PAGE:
Turkish top court head approves of early release for terror suspects
A one-year period for the implementation of a new ruling to reduce the maximum length of detention from 10 years to five for terrorism suspects does not need to be applied if judges decide otherwise, the head of the Constitutional Court Haşim Kılıç says. DHA photoA one-year period for the implementation of a new ruling to reduce the maximum length of detention from 10 years to five for terrorism suspects does not need to be applied if judges decide otherwise, according to the head of the Constitutional Court.
“Though the 10-year rule is still in force for another year, judges can decide to release [detainees],” Haşim Kılıç told Turkish daily Milliyet.
Kılıç said the Constitutional Court had decided June 4 that the article of the Turkish Penal Code allowing up to 10 years of detention for suspects prosecuted on terror charges was against the Constitution and that the article was abrogated with unanimity.
The court had decided that the new ruling would enter into force a year from the publication of the decision on the Official Gazette, while also giving the government a year to change the provision.
“This period is for the legislative power to make the necessary amendment if it needs one. The Parliament may or may not make new changes within this period. This is linked to the needs of the legislative power,” Kılıç said, referring to the one-year period for the government to make the necessary changes after the matter was published in the Official Gazette. “[Parliament] does not need to wait a year, it can [make the necessary changes] right away.”
Deputy Prime Minister and government spokesman Bülent Arınç said they could consider legislation if needed, but the courts could implement the decision by themselves “just like they have been doing until today” because the 10-year period was an upper limit that the courts did not need to use until the end.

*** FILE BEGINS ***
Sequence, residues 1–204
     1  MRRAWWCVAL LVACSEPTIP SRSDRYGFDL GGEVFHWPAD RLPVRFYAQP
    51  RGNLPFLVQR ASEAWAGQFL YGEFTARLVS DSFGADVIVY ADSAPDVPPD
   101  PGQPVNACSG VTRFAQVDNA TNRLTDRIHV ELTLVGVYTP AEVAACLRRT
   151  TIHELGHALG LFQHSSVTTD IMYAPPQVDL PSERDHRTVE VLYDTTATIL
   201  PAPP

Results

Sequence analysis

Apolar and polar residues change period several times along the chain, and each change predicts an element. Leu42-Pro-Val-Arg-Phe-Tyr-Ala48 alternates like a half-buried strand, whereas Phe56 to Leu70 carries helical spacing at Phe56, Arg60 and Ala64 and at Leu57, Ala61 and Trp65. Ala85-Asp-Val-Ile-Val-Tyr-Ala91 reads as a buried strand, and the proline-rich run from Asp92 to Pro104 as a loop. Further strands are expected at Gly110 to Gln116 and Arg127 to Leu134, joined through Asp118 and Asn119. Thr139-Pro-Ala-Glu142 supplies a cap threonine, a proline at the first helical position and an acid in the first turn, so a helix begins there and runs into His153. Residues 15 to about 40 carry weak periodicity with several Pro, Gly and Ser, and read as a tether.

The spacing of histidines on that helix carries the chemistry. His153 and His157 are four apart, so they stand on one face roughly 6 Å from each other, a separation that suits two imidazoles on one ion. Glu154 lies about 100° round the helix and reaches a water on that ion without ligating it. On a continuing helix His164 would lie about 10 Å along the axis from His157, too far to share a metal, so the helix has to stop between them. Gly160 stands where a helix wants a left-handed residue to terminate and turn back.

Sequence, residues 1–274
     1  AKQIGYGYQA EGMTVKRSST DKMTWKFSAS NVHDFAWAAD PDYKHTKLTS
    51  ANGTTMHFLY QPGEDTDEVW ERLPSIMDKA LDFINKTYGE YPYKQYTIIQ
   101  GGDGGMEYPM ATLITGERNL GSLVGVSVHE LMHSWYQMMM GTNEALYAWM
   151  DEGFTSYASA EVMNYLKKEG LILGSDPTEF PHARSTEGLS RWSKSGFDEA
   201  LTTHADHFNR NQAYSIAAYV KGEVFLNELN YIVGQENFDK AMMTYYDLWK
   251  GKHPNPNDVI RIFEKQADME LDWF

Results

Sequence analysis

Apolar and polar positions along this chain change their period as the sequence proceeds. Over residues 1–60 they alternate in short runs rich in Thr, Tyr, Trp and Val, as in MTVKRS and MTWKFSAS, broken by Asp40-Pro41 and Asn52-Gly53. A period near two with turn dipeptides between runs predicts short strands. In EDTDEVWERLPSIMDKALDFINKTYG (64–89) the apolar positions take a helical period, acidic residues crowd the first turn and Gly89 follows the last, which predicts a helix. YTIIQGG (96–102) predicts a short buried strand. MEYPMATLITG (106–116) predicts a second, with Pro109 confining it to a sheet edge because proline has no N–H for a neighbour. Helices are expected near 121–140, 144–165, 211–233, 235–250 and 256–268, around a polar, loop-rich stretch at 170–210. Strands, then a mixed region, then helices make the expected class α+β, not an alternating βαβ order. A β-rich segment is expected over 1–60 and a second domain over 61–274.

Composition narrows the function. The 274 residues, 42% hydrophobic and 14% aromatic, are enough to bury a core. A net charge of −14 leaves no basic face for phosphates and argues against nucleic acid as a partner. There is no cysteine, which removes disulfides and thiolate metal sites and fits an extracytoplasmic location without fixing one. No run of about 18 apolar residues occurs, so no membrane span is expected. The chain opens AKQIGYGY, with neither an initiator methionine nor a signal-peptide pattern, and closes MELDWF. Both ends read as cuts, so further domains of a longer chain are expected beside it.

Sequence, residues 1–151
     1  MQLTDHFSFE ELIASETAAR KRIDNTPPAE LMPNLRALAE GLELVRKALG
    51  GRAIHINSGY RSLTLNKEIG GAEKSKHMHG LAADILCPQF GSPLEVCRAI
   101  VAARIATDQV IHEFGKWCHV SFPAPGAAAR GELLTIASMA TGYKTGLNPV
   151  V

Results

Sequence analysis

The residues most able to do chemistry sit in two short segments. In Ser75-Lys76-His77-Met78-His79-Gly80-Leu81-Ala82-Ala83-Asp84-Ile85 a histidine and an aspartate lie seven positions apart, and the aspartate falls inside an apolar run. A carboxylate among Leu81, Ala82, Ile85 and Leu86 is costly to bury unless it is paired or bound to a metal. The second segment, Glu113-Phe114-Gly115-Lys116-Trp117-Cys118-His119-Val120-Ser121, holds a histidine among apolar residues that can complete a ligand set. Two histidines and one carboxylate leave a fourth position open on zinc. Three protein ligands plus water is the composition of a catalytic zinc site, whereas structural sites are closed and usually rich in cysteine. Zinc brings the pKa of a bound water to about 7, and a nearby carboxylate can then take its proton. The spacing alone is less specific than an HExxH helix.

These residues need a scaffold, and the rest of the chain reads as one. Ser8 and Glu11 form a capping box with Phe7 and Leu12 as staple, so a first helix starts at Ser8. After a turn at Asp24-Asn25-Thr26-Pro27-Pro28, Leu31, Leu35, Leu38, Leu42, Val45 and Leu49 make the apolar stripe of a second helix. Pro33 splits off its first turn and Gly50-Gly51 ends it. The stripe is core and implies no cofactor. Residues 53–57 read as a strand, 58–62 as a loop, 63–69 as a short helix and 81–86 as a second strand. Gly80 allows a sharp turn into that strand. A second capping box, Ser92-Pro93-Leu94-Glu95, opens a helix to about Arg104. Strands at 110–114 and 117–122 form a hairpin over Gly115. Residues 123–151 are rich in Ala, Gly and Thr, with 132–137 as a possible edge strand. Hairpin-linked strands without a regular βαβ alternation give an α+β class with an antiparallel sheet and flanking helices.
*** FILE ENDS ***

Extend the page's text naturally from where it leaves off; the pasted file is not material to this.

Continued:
“This upper limit should not be exceeded. Other than that, courts can always decide to release [detainees] looking at what the suspects are accused of,” Arınç said after a Cabinet meeting on June 8. “They do not have to wait for 10 years.”
Arınç said the decision would provide information on the details of the court’s ruling. Bekir Bozdağ, deputy prime minister, said July 8 that while the court had annulled the 10-year period, it had not decreased it to five years. Bozdağ said the decision pointed out that there could be a reasonable and moderate period in between the two periods.
Upon the Constitutional Court’s ruling, lawyers for 12 Ergenekon alleged coup case suspects petitioned the Çağlayan Courthouse on July 5 to demand the release of their clients. Suspects who are prosecuted on terror charges have been under arrest for more then five years. The group of 12 includes the leader of the Workers’ Party (İP) Doğu Perinçek, journalist and İP member Hikmet Çiçek, retired Brig. Gen. Veli Küçük and the spokeswoman for the Turkish Orthodox Patriarchate, Sevgi Erenerol.